Click here for an audio version of this blog post.
And Jesus entered the temple and drove out all who sold and bought in the temple, and he overturned the tables of the money-changers and the seats of those who sold pigeons. 13 He said to them, “It is written, ‘My house shall be called a house of prayer,’ but you make it a den of robbers.”
– Matthew 21:12-13
When they came from Bethany, he was hungry. 13 And seeing in the distance a fig tree in leaf, he went to see if he could find anything on it. When he came to it, he found nothing but leaves, for it was not the season for figs. 14 And he said to it, “May no one ever eat fruit from you again.” And his disciples heard it.
– Mark 12:12-14
And when he drew near and saw the city, he wept over it, 42 saying, “Would that you, even you, had known on this day the things that make for peace! But now they are hidden from your eyes. 43 For the days will come upon you, when your enemies will set up a barricade around you and surround you and hem you in on every side 44 and tear you down to the ground, you and your children within you. And they will not leave one stone upon another in you, because you did not know the time of your visitation.”
– Luke 19:41-44
The Events of
Let’s walk with Jesus this Holy Week. Let’s see how he lives the last week of his life on earth. To be more precise, let’s see how he lives the week of his death on the cross. After his resurrection Jesus appeared to his disciples several times as recorded in the gospels. Those appearances are important in their own right. We’ll look at those next week. But for now let’s look at the events leading up to Jesus’ crucifixion.
After the remarkable Palm Sunday reception Jesus is not to be deterred from his mission to save the world by his sacrificial death on the cross and his victorious resurrection from the grave. There will be a Day when the praises ring eternally for his glorious grace (Ephesians 1:6). But for now there is other business to attend to.
Jesus cleanses the temple. This is the second time he’s done this. John records the first in the early days of his 3-year ministry (John 2:13-22). Here, in this climatic week Jesus again drives out the money changers. His house will be a house of prayer for all the nations. There must be nothing man-made to limit people’s access to God’s help and grace.
When Jesus curses the fig tree, he shows his sovereign power over all things, his authority to judge. He needs no permission. He alone can see the heart of man and determine the value of a tree.
But Jesus’ heart is broken over Jerusalem. He weeps at their refusal to recognize God’s favor to them. He greives their unwillingness to be gathered to himself. He laments their coming destruction. He will not prevent it – out of justice and pure holiness. But it breaks his heart. Their refusal will add to the pain he endures on the cross.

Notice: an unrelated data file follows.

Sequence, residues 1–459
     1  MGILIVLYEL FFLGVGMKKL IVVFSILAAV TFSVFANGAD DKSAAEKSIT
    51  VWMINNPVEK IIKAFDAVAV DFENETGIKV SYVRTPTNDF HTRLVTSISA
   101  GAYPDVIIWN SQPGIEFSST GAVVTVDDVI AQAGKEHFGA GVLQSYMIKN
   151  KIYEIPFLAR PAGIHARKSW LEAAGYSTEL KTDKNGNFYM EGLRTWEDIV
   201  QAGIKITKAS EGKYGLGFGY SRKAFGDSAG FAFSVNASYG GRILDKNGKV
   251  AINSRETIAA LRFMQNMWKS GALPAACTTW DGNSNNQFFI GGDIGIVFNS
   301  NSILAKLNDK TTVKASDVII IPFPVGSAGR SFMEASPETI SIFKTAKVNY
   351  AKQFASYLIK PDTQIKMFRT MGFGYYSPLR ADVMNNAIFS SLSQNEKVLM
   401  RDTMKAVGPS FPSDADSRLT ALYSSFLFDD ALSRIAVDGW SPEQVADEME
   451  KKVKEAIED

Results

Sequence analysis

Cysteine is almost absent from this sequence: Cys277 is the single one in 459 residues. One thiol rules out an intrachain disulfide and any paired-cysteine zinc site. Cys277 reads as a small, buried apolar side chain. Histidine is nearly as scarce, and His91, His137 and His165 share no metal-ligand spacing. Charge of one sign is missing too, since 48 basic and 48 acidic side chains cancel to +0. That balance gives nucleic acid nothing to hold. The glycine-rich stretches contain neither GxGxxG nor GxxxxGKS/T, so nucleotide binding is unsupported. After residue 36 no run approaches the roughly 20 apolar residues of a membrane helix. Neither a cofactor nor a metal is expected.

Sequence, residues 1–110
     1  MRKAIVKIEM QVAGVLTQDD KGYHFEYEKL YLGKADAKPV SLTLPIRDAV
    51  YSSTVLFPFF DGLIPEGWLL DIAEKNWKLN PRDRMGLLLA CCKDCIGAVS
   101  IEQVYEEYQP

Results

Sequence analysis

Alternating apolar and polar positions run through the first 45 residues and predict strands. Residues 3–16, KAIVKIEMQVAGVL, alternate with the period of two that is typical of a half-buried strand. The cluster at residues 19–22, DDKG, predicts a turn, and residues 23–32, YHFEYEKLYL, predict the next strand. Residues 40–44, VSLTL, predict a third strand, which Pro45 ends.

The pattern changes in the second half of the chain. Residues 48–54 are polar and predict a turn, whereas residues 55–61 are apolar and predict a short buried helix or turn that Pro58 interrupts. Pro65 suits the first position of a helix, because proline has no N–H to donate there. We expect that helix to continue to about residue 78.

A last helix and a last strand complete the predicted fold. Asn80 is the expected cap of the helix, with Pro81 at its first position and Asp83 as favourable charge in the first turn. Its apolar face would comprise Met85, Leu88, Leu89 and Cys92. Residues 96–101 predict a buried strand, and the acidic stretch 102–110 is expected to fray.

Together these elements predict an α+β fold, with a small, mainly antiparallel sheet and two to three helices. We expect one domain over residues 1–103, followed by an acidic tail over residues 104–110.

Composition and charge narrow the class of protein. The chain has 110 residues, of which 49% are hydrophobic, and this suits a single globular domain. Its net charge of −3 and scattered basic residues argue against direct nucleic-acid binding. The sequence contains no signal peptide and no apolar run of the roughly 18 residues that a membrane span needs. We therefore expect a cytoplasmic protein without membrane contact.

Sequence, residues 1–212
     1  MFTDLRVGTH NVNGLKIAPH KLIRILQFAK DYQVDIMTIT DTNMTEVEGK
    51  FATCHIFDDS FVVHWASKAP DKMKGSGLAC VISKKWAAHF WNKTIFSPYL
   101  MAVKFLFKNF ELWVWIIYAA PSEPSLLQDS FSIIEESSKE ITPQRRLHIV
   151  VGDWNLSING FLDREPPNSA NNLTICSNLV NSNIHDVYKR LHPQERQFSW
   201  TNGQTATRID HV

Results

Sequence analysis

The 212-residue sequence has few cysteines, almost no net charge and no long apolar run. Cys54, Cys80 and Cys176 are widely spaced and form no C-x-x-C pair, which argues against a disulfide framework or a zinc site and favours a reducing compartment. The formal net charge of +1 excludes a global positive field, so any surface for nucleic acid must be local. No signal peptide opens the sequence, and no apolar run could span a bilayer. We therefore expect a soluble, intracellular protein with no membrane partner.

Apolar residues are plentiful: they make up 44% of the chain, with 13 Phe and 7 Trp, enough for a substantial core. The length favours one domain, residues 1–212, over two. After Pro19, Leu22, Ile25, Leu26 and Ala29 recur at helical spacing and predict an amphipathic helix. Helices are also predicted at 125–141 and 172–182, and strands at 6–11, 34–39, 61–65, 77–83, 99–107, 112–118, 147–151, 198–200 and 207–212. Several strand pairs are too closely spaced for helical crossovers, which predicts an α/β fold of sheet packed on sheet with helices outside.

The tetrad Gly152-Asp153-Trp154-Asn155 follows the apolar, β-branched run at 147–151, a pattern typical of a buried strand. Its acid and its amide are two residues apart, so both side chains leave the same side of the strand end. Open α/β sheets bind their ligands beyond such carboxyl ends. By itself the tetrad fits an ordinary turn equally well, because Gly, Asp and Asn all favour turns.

He returns to the temple late in the day, and then goes back to Bethany. It’s as though he must take one more look at the splendor of this building dedicated to God’s glory. It will soon be torn down. Israel will be expelled. All this is a terrible and sad commentary on what it will cost Jesus to redeem lost and fallen mankind.
But he will do it. He will go to the cross. He will die. He will lay in the tomb. He will rise from the dead. He will ascend into the heavens. He will come again at the end of time. Then the praises will ring out for we will all see the amazingly incredible grace of God. We will rejoice in the reality of salvation. We will be rid of every vestige of sin, sickness, sadness, and Satan’s deceit.
It’s Monday. Friday’s coming. And then Sunday. But for now, it’s Monday. Let’s walk with Jesus this week.
It is blank for me?
Sent from my iPhone
Shouldn’t be blank. Try it again. Blessings!
Upon first reading your blog today, this sentence rang out loudly:
“Their refusal will add to the pain he endures on the cross.”
It said to me, in an omnipresent sort of way, ” Sondra, your sins, every one, add to the weight of my pain which I bear for you on the cross.” This may seem trite to call attention to this and even re-word it, but it was not trite for me. I think I have tended to think of sin being sin and of one lump of defined weight for Jesus…but every sin would make that weight heavier and all the more painful to bear. O that I could take mine away from Jesus.
Next, as I re-read came the recognition that I could insert myself into the entire paragraph. “But Jesus’ heart is broken over [me]Jerusalem. He weeps at [my]their refusal to recognize God’s favor to [me]them. He grieves [my]their unwillingness to be gathered to himself. He laments [my]their coming destruction. He will not prevent it – out of justice and pure holiness. But [my sin]it breaks his heart.
Yes, I know that I, we do not live under the law and for this I am grateful, but for the sake of Holy Week, I think I will stop here is consider the weightiness of what I have caused Jesus to bear for me. It is a heavy load… but thank you for all you have written here that has caused me to ponder. It all makes grace, wonderful precious grace all the sweeter.
There is nothing more precious than God’s love and grace in Jesus. > >
Yes, even as we walk in deep contrition, we may bask in that precious, unwavering, undeserved love and grace … May we all learn to be so generous with each other. Thank you for the reminder.